What attracted me to this pattern was the dramatic collar. I really wish that pattern companies would realize how flattering a good collar can be, particularly for a mature woman who might want to draw attention upwards, towards the face. I would love to see more patterns that feature a wider variety of interesting collars!

What didn't work for me on this pattern was the swing shaping with the back pleat, so I removed that. My only other alteration was to narrow the shoulder by 1". Silhouette Patterns use their own sizing system (sizes 1-4 and 5x-8x) and come in cups A, B, C and D. They include finished measurements on the pattern envelope, not body measurements. Peggy's theory is that everyone likes a different amount of ease, so you should choose a size knowing how you like your clothing to fit.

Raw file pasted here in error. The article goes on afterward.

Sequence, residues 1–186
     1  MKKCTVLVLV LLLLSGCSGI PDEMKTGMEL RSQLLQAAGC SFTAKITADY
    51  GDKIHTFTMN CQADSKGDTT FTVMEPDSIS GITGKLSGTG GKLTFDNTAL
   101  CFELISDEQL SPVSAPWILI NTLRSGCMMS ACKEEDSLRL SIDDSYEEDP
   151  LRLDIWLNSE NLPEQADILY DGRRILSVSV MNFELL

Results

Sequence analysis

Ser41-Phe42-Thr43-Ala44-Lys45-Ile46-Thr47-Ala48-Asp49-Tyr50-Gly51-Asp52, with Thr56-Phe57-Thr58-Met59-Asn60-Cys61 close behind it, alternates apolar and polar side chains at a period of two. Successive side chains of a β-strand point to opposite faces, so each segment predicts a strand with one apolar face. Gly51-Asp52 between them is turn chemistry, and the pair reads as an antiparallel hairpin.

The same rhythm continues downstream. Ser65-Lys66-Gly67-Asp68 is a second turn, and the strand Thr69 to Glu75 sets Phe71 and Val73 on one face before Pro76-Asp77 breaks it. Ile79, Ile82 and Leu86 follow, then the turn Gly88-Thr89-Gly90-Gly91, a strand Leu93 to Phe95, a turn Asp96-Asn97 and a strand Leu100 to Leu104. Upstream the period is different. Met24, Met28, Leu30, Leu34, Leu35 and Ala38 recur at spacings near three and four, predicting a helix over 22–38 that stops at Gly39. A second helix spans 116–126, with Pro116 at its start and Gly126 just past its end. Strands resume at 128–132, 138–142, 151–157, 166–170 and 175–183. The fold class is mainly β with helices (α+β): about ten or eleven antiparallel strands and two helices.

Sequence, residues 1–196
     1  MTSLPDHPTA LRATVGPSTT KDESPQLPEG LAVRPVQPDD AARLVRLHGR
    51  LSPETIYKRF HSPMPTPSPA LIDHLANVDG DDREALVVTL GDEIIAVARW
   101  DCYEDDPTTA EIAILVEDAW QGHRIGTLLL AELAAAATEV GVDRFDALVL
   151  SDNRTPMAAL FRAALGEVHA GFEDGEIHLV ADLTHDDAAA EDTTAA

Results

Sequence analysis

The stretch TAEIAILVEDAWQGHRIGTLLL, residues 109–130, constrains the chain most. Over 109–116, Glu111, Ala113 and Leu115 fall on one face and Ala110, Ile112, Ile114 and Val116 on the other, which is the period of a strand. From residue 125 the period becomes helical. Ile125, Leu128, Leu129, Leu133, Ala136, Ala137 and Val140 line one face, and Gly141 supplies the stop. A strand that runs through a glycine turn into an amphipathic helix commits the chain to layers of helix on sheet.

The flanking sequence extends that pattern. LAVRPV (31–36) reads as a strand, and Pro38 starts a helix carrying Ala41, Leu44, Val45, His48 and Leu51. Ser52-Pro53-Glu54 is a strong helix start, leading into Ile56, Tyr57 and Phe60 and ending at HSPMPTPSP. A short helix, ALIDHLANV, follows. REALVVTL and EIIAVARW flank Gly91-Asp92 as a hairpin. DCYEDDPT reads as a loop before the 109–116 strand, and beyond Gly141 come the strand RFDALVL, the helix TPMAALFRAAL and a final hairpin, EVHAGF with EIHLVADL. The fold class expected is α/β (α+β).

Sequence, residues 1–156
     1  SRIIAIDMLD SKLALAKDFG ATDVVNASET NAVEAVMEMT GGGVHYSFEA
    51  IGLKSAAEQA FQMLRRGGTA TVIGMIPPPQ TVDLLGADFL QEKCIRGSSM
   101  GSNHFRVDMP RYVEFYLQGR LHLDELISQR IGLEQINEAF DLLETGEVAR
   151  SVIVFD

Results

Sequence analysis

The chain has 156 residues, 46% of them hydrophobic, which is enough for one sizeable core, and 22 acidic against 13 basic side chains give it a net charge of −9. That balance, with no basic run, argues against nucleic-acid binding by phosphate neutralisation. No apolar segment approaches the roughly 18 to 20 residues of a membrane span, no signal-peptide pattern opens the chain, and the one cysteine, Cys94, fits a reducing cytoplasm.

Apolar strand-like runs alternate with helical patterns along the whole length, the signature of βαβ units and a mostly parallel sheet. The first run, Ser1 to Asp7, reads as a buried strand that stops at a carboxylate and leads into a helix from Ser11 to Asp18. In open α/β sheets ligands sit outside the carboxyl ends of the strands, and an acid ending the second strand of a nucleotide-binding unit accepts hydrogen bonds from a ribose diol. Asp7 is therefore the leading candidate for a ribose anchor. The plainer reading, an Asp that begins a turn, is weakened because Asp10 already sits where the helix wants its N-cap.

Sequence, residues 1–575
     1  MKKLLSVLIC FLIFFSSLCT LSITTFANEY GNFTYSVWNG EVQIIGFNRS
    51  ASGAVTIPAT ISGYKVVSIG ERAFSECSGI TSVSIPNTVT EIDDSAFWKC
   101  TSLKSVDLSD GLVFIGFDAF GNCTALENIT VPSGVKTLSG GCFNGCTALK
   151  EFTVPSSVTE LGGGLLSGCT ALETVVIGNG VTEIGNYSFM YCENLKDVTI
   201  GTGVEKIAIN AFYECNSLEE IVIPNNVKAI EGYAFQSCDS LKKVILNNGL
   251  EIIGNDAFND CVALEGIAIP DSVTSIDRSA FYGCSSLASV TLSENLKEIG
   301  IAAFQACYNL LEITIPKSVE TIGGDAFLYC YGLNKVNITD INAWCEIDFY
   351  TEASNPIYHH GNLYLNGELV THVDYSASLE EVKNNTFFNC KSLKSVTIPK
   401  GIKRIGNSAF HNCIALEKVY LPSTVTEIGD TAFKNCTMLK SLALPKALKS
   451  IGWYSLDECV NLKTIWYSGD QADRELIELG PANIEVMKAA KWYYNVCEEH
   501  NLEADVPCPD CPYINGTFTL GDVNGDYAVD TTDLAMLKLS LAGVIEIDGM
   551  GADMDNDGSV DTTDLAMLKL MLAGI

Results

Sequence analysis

Currently, my high bust is 40" and my full bust is 45". I chose the size 4, which lists a finished measurement of 45-1/2". I cut out a D cup though, in reality I am far larger than a D. I did not do an additional FBA. The sizing, except for the too-wide shoulder (typical for me), was fine. As mentioned, the only other alteration I did was to remove fullness at the hip and the pleat at CB, as I look better in a straighter silhouette.

The metallic coated stretch denim was quite easy to work with, though I did use a silk organza press cloth as a barrier between the iron and the metallic coating. Without the organza, the metallic finish transferred to the iron. But the fabric was otherwise a delight to sew and press. (I just threw the fabric in the washer/dryer before cutting, and it came out fine.)

I had a few minor issues.